To avoid selling your airplane to your insurance company at a bargain price or being stuck with an airplane that has been rebuilt from a data plate, pay close attention to the insured value in your policy. Each year at renewal, review with your insurance provider the current Bluebook value and adjustments.

It helps if you know your airplane. Know how much time is on the engine, as we’ll as how old it is. When describing the condition of the interior or paint, be realistic. Its good to know when the airplane was last painted. If you add equipment during the year, don’t wait until renewal to adjust the value. Call your insurer right away. As a rule of thumb, take half of what you paid for new avionics the first year and a third afterward and add it to insured value.

The value guides assume a mid-time engine and typically give an hourly amount to credit or debit either side of that. If you overhaul an engine, add half the cost of the overhaul to the value of the airplane. In some cases, you shouldnt wait until all the work is done. If you own a stack of radios that arent yet installed, call your provider to find out how to cover those items in case something happens to them before theyre installed in the airplane.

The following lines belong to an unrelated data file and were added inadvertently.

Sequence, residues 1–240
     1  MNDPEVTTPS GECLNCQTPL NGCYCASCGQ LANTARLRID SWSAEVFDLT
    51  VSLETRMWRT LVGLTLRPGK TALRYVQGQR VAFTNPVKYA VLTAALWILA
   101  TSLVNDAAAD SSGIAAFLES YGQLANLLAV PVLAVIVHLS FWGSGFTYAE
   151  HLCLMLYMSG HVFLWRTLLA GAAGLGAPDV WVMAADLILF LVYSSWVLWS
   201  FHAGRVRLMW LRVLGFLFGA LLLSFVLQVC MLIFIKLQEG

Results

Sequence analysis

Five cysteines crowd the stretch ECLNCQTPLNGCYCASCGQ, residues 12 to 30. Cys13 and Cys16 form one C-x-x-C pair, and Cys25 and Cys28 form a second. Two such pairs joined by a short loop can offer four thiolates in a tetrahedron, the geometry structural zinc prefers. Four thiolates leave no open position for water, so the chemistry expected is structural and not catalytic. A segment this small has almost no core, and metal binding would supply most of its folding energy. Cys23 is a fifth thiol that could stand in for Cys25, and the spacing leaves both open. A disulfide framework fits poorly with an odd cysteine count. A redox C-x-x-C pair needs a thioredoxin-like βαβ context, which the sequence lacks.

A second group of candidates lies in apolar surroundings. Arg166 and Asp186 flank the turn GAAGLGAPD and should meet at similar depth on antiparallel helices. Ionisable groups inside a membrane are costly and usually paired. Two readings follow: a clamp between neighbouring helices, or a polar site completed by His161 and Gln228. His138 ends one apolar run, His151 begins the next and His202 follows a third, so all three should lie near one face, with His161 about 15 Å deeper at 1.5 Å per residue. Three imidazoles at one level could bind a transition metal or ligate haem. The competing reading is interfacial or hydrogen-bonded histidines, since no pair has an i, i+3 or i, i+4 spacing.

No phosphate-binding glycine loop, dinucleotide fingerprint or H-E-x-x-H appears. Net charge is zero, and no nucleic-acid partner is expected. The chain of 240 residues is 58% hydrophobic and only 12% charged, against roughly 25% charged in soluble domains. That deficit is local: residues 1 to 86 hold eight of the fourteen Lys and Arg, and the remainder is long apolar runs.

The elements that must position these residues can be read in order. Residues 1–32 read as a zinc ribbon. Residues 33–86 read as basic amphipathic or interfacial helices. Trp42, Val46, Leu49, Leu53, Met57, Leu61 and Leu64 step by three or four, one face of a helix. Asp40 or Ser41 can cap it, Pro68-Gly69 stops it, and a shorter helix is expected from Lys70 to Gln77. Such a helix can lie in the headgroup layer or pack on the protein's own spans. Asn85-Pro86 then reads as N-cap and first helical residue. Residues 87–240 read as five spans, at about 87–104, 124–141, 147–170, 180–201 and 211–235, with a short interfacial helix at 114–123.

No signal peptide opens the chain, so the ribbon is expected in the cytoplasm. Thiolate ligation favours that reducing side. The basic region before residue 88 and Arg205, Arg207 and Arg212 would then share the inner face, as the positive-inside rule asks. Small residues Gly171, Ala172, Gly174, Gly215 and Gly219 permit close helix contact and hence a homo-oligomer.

Maintenance vs. Upgrades

Some of the large invoices that we pay as aircraft owners are for capital improvements and some are for maintenance. When thinking about what your airplane is worth, separate the two. don’t try to cover the cost of maintenance with insurance. If you have to change all the hoses at overhaul, or a cylinder or two in between, thats ordinary wear and tear and wont increase the value of the airplane. Insurance is meant to cover the cost of owning the airplane, not the cost of operating it. don’t fall in love with the price that you paid for your airplane. It may be worth more or less, but probably less. Airplanes are subject to the gravitational pull of depreciation. The myth that airplanes maintain their value forever is just that. The one guarantee is that an airplanes value will change over time and you need to adjust your policy to match.